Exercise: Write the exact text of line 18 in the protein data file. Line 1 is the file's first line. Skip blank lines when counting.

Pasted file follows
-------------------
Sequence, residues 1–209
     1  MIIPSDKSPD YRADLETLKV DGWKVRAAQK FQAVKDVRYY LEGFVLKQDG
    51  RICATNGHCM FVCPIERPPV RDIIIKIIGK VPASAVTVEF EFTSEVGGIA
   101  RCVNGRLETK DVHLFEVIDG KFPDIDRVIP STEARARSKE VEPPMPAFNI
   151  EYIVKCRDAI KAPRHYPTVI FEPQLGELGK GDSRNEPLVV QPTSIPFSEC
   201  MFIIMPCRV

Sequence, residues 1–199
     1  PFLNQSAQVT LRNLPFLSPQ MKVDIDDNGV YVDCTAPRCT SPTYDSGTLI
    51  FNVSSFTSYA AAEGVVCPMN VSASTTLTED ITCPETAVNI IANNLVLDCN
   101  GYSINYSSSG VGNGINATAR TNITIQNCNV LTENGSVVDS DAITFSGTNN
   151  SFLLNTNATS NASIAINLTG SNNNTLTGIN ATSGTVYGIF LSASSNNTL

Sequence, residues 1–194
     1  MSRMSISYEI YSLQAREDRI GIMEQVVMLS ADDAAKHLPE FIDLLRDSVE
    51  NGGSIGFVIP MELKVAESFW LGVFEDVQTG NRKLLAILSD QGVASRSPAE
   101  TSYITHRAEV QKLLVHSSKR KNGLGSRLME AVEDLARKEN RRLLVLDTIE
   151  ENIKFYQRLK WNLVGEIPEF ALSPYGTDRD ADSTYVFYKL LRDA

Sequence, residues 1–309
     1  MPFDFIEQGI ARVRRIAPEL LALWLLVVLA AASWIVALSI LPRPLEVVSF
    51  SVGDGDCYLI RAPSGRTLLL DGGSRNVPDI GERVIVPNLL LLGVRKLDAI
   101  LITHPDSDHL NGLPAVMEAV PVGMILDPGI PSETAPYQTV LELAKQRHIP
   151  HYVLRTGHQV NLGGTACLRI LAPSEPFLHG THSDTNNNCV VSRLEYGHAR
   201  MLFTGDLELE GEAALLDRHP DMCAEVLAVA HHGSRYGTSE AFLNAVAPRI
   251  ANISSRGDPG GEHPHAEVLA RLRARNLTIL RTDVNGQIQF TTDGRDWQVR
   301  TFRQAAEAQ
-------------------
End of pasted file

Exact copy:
     1  MPFDFIEQGI ARVRRIAPEL LALWLLVVLA AASWIVALSI LPRPLEVVSF